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PostPosted: Sun Oct 15, 2017 11:09 pm 
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Joined: Mon Nov 07, 2016 7:56 am
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Sorry I am clueless about the state funding thing. But some schools seem to have better infrastructure, facilities than the others. What?
For example, Newstead wood - A brilliant school with old-ish buildings. It looked really tired. On the open day, I had to buy water when DD became thirsty.

Whereas Weald of Kent was all very modern and well maintained. They gave a lovely hamper when we arrived at the reception on the open day. It had a geometry box, revision guide, a water bottle and a band. Wow!

Why such a massive difference when both the schools are state funded?


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PostPosted: Mon Oct 16, 2017 7:19 am 
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Joined: Mon May 16, 2011 2:05 pm
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Location: Reading
Not all state schools get the same funding. Locally to me Wokingham schools get some of the lowest amounts in the country and something that local people have been trying to do something about for a while.

Plus some schools have better PTAs than others and get extra funding that way.

Lastly, some schools ask for parental contributions as well.


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PostPosted: Mon Oct 16, 2017 9:34 am 
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Tinkers wrote:
Locally to me Wokingham schools get some of the lowest amounts in the country and something that local people have been trying to do something about for a while.

Even within the same county there are differences. The bulk comes from a calculation per pupil and then there are additional payments. Academies get extra because they have to buy services from the LEA (or elsewhere) that they don't get automatically. Pupil premiums make a difference. It used to be the case that the size (footprint) of the school had an effect but I think that may be getting phased out.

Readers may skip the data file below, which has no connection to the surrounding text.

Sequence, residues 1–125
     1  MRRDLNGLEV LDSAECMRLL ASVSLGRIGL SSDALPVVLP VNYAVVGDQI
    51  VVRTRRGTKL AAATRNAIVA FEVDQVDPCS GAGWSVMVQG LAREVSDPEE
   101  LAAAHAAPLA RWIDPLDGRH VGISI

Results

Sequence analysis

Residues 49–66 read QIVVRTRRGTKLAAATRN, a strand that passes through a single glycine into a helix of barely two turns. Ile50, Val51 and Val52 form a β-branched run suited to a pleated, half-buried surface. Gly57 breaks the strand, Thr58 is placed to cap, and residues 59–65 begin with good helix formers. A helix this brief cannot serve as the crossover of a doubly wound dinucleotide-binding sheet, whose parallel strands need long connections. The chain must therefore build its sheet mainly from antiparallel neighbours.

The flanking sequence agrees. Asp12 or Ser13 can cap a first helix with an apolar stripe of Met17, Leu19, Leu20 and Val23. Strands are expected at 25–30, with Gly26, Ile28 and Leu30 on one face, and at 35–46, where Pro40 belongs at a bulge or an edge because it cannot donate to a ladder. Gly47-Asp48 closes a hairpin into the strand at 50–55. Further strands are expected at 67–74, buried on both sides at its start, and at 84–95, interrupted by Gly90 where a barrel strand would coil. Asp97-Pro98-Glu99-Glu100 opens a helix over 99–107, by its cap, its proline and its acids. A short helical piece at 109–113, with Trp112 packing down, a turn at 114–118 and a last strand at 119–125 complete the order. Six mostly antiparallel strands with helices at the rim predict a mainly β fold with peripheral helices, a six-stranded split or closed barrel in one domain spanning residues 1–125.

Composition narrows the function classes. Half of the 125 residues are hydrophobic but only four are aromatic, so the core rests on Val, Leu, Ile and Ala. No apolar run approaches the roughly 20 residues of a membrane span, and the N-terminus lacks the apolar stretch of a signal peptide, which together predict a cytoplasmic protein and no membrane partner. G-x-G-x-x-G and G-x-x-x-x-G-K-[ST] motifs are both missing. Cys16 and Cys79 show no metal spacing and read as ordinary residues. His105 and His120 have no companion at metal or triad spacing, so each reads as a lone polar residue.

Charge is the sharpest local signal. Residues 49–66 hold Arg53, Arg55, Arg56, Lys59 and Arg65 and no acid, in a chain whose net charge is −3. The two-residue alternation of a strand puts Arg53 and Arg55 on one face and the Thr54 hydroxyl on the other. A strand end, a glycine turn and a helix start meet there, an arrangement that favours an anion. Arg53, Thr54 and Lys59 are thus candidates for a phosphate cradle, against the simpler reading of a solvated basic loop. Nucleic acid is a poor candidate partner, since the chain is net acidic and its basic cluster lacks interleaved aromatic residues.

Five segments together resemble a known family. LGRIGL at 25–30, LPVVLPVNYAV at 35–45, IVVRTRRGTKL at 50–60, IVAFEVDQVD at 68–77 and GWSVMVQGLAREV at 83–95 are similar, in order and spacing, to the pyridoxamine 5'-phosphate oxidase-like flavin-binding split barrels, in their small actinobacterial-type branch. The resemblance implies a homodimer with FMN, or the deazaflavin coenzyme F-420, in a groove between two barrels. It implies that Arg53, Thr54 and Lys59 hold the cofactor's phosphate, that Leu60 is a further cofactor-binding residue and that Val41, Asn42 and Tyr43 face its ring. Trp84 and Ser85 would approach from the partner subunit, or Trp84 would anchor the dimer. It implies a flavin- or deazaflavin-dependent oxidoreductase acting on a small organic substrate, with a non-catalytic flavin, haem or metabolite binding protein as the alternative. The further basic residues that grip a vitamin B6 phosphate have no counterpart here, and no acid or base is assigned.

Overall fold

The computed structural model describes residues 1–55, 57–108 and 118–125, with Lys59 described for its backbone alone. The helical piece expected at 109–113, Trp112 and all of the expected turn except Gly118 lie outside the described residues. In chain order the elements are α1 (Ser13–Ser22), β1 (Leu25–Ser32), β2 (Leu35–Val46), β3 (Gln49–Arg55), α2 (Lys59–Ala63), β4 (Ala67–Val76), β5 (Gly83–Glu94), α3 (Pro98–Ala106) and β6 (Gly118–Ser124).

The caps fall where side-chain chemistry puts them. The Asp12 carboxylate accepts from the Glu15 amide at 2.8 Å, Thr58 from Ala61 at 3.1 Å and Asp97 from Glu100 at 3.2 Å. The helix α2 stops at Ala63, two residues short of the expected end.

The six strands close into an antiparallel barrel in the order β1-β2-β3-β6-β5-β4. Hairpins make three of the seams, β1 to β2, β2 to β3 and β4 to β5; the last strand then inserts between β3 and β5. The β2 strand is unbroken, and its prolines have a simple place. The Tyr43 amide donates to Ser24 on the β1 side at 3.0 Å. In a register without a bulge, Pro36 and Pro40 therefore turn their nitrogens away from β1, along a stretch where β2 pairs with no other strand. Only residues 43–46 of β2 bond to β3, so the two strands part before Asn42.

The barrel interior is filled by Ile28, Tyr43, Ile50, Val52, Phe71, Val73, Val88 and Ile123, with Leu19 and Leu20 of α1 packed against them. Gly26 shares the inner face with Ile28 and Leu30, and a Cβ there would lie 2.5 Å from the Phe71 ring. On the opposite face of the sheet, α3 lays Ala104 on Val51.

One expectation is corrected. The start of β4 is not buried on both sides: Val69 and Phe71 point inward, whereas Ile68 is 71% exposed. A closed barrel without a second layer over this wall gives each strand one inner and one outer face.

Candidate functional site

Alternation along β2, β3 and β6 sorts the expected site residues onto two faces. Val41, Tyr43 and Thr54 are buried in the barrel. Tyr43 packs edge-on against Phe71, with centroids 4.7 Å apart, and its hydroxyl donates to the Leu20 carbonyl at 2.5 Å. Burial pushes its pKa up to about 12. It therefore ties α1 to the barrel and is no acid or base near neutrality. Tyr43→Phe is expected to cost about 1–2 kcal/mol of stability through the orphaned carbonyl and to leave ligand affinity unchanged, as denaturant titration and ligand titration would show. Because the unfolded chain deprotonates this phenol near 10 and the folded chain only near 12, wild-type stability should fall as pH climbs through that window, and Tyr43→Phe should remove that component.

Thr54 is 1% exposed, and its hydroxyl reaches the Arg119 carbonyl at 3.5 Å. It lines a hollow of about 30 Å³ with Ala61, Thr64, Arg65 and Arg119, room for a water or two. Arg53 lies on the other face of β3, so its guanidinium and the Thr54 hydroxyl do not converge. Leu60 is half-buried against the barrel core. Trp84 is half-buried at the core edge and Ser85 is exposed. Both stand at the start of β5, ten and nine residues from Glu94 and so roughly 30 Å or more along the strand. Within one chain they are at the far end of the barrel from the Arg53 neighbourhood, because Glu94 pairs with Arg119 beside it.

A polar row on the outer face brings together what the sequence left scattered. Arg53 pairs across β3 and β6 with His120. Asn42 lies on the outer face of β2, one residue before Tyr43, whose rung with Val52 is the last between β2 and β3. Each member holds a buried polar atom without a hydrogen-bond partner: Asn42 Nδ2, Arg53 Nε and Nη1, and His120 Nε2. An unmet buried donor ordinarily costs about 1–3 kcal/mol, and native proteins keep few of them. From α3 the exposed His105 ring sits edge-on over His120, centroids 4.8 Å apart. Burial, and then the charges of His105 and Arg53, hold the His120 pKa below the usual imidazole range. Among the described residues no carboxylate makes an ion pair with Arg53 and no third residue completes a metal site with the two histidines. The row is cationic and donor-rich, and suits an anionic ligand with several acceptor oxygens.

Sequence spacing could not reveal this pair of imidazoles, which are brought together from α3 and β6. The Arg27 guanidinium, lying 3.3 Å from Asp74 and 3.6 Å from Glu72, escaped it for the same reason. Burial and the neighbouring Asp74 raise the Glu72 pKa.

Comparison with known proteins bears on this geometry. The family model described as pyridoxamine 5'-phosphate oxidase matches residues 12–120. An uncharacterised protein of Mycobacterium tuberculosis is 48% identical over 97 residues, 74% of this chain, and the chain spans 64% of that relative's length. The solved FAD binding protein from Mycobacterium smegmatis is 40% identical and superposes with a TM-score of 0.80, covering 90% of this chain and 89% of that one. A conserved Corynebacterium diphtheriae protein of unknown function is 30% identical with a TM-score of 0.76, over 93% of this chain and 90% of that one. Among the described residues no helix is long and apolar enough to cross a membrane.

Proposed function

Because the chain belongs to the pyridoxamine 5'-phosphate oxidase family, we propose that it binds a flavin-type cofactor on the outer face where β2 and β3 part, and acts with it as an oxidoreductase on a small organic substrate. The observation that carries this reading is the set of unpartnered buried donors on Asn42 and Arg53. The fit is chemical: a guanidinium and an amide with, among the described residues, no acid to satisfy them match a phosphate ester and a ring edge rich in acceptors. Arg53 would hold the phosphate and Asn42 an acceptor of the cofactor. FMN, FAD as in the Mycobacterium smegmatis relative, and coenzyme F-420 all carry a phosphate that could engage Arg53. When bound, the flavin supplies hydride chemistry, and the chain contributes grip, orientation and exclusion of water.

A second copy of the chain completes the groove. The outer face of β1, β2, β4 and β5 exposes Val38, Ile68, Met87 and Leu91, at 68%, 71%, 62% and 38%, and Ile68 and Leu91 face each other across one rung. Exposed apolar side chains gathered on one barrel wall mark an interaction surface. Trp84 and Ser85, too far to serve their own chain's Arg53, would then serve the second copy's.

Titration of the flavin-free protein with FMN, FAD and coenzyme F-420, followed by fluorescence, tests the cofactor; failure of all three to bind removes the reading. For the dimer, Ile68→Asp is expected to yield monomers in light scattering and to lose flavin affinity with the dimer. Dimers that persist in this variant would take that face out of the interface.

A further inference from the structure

Exams2018 wrote:
Why such a massive difference when both the schools are state funded?

Could be, it is simply down to how the school split their budget. Maybe Newstead have more experienced teachers that cost more or they don't feel the need to spend money on "PR". Older schools will almost certainly burn more money on maintenance and have less available for other areas. I'd be tempted to look at other reasons for choosing which school is most suitable. My daughter's school has a very experienced and expensive staff and an old Victorian building. They are always asking for contributions for something, which I don't have an issue with, given the service they provide. If I'd chosen her school based on the open day freebies then she'd be somewhere else for sure. :)


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PostPosted: Wed Oct 18, 2017 8:04 am 
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Joined: Mon Mar 03, 2014 11:24 pm
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Location: Petts Wood, Bromley, Kent
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Could be, it is simply down to how the school split their budget. Maybe Newstead have more experienced teachers that cost more or they don't feel the need to spend money on "PR".